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France hopes to Develop Green and Digital Shipping Corridor with Singapore: French Maritime Chief

FRANCE hopes to develop a green and digital shipping corridor with Singapore, as part of cooperation on maritime sustainability, digitalisation and cybersecurity, said Eric Banel, France’s director general for maritime affairs, fisheries and aquaculture.

Such corridors reduce the carbon footprint of ships which ply them, by using technologies ranging from cleaner fuels to automated clearance. Singapore has begun to establish such corridors with five countries including Australia, China and Japan.

“What I can see is that both countries are very interested (in maritime decarbonisation) and are developing their own capacity of expertise,” he said in an interview with The Business Times.

Banel, who is here to attend the Singapore Maritime Week, said the primary aim of his visit is to enhance cooperation between both countries.

He added that he has met representatives from the Maritime and Port Authority of Singapore to discuss issues such as decarbonisation.

Sustainability is a shared priority more broadly, with the launch of the French-Singapore Joint Year of Sustainability last week during Deputy Prime Minister Lawrence Wong’s visit to Paris, noted Banel.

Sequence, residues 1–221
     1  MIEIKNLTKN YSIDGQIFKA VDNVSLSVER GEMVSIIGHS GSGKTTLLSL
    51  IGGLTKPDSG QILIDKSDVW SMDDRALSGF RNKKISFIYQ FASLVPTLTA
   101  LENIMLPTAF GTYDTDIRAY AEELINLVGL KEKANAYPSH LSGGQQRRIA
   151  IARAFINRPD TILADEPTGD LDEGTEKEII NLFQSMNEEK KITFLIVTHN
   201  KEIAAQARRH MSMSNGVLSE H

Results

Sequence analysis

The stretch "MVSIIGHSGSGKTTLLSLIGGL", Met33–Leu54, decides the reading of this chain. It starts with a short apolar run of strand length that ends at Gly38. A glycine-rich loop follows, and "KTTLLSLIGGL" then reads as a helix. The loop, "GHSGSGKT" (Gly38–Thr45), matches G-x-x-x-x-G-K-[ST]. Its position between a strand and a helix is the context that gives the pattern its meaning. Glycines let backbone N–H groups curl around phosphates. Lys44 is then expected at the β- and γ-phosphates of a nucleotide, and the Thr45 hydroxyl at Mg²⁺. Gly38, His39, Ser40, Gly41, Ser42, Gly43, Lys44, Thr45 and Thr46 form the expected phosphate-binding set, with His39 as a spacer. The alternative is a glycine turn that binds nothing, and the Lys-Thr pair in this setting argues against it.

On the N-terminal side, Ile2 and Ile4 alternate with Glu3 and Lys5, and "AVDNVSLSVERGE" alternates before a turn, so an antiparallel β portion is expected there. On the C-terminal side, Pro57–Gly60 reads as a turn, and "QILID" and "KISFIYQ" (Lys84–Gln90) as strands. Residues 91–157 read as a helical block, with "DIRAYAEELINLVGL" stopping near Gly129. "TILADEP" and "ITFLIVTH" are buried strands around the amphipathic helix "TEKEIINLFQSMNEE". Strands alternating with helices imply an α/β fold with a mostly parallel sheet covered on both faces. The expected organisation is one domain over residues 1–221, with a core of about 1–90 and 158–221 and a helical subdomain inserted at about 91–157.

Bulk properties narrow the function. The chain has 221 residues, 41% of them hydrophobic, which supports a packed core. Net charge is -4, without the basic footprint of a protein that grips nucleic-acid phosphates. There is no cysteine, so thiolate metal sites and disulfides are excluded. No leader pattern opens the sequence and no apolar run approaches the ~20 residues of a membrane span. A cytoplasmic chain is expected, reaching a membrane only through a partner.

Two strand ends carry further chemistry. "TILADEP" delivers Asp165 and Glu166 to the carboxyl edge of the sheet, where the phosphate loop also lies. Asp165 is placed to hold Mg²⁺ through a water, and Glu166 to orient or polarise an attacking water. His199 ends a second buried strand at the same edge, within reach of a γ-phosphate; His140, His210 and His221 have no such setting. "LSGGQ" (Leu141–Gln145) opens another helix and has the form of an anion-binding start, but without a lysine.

“Enhancing cooperation in the maritime sector means that we have to work together in our fields of expertise,” he said of both countries.

In sustainability, one such area is the adoption of cleaner marine fuels such as ammonia, methanol and hydrogen.

Both countries already have expertise here, and are going further to ensure safety, technical readiness and the supply of such fuels, he said.

“We are both working with lots of advanced technology, but also with a lot of reflection on how we should care about the equipment in the ports and how to prevent the risks.”

He cited the example of ammonia, which is a promising zero-carbon fuel but also potentially dangerous as it is corrosive and toxic. “How do we prevent the risks linked to working with ammonia? We have the capacity both in Singapore and France to work on this issue.”

Besides decarbonisation, both countries are keen on “new kinds of maritime activities”, with digitalisation – a major theme of Singapore Maritime Week – being part of this, he added.

This involves finding new technologies to promote new approaches to shipping, he said.

Cybersecurity is another area where cooperation could be fruitful, as both countries have “strong expertise to put together”, said Banel, adding that the field is more important now as potential digital threats have increased.

“The second reason for my visit here is really to achieve neutral carbon shipping, to achieve this evolution and to create the basis for the future of shipping,” he said, referring to the International Maritime Organization’s new zero-carbon strategy.

“It’s not only technologies, not only new fuels, not only what I have mentioned, but it’s also acting together on a day-to-day basis, especially at the international level.”

Finally, the third aspect of his visit is to prepare for the United Nations Ocean Conference, which France is co-hosting with Costa Rica in 2025.

The event is about ocean protection, and also enhancing cooperation between states – and France wants to “rely on strong maritime nations” such as Singapore, he added.

SOURCE: The Business Times


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